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J Pain. 2013 Dec;14(12 Suppl):T116-24. doi: 10.1016/j.jpain.2013.09.010.

Summary of findings from the OPPERA prospective cohort study of incidence of first-onset temporomandibular disorder: implications and future directions.

Author information

1
Regional Center for Neurosensory Disorders, University of North Carolina at Chapel Hill, Chapel Hill, North Carolina; Department of Dental Ecology, University of North Carolina at Chapel Hill, Chapel Hill, North Carolina; Department of Epidemiology, University of North Carolina at Chapel Hill, Chapel Hill, North Carolina. Electronic address: gary_slade@dentistry.unc.edu.

Abstract

Papers in this issue investigate when and how putative risk factors influence development of first-onset, painful temporomandibular disorder (TMD). The results represent first findings from the Orofacial Pain: Prospective Evaluation and Risk Assessment (OPPERA) prospective cohort study that monitored 2,737 men and women aged 18 to 44 years recruited at 4 U.S. study sites. During a median 2.8-year follow-up period, 260 participants developed TMD. The average incidence rate of 4% per annum was influenced by a broad range of phenotypic risk factors including sociodemographic characteristics, health status, clinical orofacial factors, psychological functioning, pain sensitivity, and cardiac autonomic responses. A novel method of multivariable analysis used random forest models to simultaneously evaluate contributions of all 202 phenotypic variables. Variables from the health status domain made the greatest contribution to TMD incidence, followed closely by psychological and clinical orofacial domains. However, only a few measures of pain sensitivity and autonomic function contributed to TMD incidence, and their effects were modest. Meanwhile, age and study site were independent predictors of TMD incidence, even after controlling for other phenotypes. Separate analysis of 358 genes that regulate pain found several novel genetic associations with intermediate phenotypes that, themselves, are risk factors for TMD, suggesting new avenues to investigate biological pathways contributing to TMD.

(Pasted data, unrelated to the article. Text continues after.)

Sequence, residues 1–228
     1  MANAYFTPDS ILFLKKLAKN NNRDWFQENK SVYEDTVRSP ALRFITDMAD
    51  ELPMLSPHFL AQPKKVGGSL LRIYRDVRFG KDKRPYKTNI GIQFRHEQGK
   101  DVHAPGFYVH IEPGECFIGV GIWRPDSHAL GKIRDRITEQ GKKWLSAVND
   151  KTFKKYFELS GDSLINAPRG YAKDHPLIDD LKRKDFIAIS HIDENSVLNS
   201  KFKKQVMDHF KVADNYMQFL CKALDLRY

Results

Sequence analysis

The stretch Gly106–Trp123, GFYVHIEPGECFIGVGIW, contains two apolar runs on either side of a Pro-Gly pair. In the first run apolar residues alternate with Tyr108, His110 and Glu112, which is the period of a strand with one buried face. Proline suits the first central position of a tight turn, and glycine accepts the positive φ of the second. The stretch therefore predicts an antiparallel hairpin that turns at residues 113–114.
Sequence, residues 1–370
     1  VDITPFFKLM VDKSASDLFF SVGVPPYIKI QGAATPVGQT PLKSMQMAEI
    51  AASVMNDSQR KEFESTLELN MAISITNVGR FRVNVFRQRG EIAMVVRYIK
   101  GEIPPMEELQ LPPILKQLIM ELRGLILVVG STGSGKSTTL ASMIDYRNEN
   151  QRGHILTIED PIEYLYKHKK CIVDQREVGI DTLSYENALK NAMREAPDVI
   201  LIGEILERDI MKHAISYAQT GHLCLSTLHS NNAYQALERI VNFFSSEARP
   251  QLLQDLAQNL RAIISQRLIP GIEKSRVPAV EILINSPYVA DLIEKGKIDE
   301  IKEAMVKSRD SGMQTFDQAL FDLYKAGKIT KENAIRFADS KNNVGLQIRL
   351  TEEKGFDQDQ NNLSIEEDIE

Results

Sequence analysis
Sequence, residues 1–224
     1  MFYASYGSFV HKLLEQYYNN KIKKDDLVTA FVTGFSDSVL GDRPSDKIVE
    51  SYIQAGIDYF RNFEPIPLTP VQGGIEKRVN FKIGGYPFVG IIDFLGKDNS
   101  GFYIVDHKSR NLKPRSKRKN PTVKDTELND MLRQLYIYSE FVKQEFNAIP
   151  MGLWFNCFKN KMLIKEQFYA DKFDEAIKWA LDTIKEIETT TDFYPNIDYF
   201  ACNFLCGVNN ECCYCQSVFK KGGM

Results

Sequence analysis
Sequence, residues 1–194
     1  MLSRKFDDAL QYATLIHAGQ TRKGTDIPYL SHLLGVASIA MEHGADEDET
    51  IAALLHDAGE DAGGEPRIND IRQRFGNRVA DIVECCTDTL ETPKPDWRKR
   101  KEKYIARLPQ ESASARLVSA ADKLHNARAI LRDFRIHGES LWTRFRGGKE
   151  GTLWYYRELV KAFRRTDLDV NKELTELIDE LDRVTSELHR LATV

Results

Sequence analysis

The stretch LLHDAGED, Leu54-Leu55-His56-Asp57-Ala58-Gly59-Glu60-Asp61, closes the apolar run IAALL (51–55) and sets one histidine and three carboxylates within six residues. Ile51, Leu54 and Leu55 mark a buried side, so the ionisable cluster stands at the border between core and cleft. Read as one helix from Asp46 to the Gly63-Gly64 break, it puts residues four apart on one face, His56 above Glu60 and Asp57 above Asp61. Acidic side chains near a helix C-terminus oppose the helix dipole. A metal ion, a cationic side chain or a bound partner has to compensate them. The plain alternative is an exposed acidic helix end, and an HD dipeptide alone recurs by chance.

PERSPECTIVE:

Collectively, the papers in this issue demonstrate that TMD is a complex disorder with multiple causes consistent with a biopsychosocial model of illness. It is a misnomer and no longer appropriate to regard TMD solely as a localized orofacial pain condition.

KEYWORDS:

Temporomandibular disorder; clinical pain; cohort studies; comordid conditions; epidemiology; genetics; pain sensitivity; psychological factors

PMID:
24275219
PMCID:
PMC3857103
DOI:
10.1016/j.jpain.2013.09.010
[Indexed for MEDLINE]
Free PMC Article

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